Posts for tag: Retainer
For nearly two decades, singer-songwriter Taylor Swift has dominated the pop and country charts. In December she launched her ninth studio album, called evermore, and in January she delighted fans by releasing two bonus tracks. And although her immense fame earns her plenty of celebrity gossip coverage, she's managed to avoid scandals that plague other superstars. She did, however, run into a bit of trouble a few years ago—and there's video to prove it. It seems Taylor once had a bad habit of losing her orthodontic retainer on the road.
She's not alone! Anyone who's had to wear a retainer knows how easy it is to misplace one. No, you won't need rehab—although you might get a mild scolding from your dentist like Taylor did in her tongue-in-cheek YouTube video. You do, though, face a bigger problem if you don't replace it: Not wearing a retainer could undo all the time and effort it took to acquire that straight, beautiful smile. That's because the same natural mechanism that makes moving teeth orthodontically possible can also work in reverse once the braces or clear aligners are removed and no longer exerting pressure on the teeth. Without that pressure, the ligaments that hold your teeth in place can “remember” where the teeth were originally and gradually move them back.
A retainer prevents this by applying just enough pressure to keep or “retain” the teeth in their new position. And it's really not the end of the world if you lose or break your retainer. You can have it replaced with a new one, but that's an unwelcome, added expense.
You do have another option other than the removable (and easily misplaced) kind: a bonded retainer, a thin wire bonded to the back of the teeth. You can't lose it because it's always with you—fixed in place until the orthodontist removes it. And because it's hidden behind the teeth, no one but you and your orthodontist need to know you're wearing it—something you can't always say about a removable one.
Bonded retainers do have a few disadvantages. The wire can feel odd to your tongue and may take a little time to get used to it. It can make flossing difficult, which can increase the risk of dental disease. However, interdental floss picks can help here. And although you can't lose it, a bonded retainer can break if it encounters too much biting force—although that's rare.
Your choice of bonded or removable retainer depends mainly on your individual situation and what your orthodontist recommends. But, if losing a retainer is a concern, a bonded retainer may be the way to go. And take if from Taylor: It's better to keep your retainer than to lose it.
If you would like more information about protecting your smile after orthodontics, please contact us or schedule a consultation. To learn more, read the Dear Doctor magazine article “The Importance of Orthodontic Retainers.”
BRACES REMOVAL DAY is the most exciting day of any orthodontic patient’s treatment, but it’s not where the story ends. Next come the retainers, to make sure that smile stays properly aligned. But how do we keep our retainers in good condition, and why are they so important?
Why Do We Need Retainers?
It would be nice if our teeth stayed exactly where our braces left them: perfectly straight for the rest of our lives. Sadly, this isn’t how teeth work. They are held in place by periodontal ligaments, and these ligaments take time to adjust to their new position. Neglecting your retainer allows those ligaments to tug those teeth back to where they were before you had braces! This is why it’s crucial not only to wear your retainer as directed, but to take good care of it.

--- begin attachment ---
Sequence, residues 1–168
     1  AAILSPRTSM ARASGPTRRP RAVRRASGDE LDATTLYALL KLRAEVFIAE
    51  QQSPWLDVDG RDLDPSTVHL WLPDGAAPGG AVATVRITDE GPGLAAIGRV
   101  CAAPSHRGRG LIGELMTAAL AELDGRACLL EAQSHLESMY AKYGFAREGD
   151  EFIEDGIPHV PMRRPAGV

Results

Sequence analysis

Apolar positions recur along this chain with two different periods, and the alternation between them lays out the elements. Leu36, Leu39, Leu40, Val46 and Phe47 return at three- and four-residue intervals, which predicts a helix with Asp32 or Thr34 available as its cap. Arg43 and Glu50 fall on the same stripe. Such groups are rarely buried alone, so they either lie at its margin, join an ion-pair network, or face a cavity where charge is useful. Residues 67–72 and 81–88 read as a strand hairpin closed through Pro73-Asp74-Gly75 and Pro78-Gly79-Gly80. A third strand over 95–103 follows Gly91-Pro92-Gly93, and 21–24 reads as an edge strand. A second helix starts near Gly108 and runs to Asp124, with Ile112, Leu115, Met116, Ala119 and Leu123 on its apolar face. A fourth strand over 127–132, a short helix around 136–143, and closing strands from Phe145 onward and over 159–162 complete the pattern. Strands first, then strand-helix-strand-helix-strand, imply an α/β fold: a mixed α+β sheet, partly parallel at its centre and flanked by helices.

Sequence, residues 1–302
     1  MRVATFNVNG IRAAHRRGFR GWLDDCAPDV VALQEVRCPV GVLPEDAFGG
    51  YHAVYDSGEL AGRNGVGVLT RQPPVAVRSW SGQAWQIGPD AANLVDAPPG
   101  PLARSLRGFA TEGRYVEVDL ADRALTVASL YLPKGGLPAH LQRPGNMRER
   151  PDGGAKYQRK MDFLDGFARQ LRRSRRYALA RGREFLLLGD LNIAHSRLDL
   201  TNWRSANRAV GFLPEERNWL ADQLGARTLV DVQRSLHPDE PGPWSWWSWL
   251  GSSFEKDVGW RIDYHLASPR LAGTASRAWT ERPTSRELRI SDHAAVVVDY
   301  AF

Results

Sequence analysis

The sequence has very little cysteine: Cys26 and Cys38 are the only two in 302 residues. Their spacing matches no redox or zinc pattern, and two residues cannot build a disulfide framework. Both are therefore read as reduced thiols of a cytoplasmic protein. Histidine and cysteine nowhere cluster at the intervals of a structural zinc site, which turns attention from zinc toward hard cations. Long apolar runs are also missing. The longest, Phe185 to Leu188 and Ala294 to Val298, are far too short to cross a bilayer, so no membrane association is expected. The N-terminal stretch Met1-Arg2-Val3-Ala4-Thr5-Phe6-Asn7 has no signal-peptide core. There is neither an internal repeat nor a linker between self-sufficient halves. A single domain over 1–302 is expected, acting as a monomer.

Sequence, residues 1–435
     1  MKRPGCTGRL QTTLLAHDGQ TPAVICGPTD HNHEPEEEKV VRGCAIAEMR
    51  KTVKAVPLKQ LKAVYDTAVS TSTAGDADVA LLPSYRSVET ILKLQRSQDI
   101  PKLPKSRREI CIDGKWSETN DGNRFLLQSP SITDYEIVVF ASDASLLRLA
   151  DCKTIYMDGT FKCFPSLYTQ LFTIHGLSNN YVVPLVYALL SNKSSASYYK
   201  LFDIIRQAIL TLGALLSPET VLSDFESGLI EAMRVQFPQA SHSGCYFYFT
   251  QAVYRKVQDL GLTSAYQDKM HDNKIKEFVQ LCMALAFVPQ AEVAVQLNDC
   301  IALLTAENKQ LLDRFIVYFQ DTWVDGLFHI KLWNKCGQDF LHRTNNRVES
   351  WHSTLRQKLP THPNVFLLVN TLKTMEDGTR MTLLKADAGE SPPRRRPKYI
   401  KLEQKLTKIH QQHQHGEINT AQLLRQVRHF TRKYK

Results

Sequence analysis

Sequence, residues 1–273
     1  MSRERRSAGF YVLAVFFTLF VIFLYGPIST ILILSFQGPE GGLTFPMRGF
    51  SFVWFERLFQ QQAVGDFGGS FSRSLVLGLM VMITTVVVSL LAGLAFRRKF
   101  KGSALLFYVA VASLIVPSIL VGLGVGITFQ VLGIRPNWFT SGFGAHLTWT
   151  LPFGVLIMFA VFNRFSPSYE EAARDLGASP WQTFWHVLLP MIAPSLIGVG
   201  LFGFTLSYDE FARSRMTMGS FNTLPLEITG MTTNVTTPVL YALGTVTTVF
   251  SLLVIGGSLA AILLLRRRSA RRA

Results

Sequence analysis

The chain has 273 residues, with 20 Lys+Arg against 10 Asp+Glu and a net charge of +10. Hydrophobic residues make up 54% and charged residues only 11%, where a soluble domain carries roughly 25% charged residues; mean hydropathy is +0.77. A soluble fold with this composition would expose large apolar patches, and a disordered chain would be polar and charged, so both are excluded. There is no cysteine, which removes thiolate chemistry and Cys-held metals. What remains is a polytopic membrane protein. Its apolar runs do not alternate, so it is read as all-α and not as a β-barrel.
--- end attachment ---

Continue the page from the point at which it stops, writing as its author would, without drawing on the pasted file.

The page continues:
Cleaning Removable Retainers
Removable retainers come in two basic varieties: Hawley (the classic retainer made of wire fixed to a fitted acrylic plate) and Essix (clear plastic retainers). The different types require slightly different approaches when it comes to cleaning. Make sure to follow these steps so that your retainer doesn’t become smelly and full of tartar deposits.
A cheap and easy way to clean your Hawley retainer is by soaking it in baking soda water. Doing this every day would damage the soldered metal pieces, so it’s important to only do this once in a while. Baking soda is a safer solution than effervescent tablets, especially if you have allergies. You should also avoid using mouthwash, which can dry the acrylic out to the point of damaging it.
It’s important to brush your Essix retainer as often as you brush your teeth — but hold the toothpaste, because it could scratch the plastic. Also make sure that the water you use to rinse it is lukewarm. Hot water will warp the retainer’s shape. Soaking in baking soda water is a great way to deep-clean an Essix retainer too, and there isn’t any metal solder to worry about, so you can do this as often as you like.
Cleaning A Permanent Retainer
These are great tips for cleaning removable retainers, but what if you have a permanent retainer — the kind cemented to the backs of your teeth? Easy! Just clean these the same way you kept your braces clean: diligent brushing and flossing.
It can be tricky to floss around a permanent retainer, but it’s crucial for keeping tartar from building up around it and the backs of your teeth. Threaders and special floss designed for retainers can make this process easier, and you might even consider getting a water flosser if you don’t already have one.
If You Need More Tips On Retainer Care, Just Ask!
Whatever kind of retainer you use, you can always bring yours to our office or to your dentist for cleaning and inspection. We want to help you make sure that retainer lasts!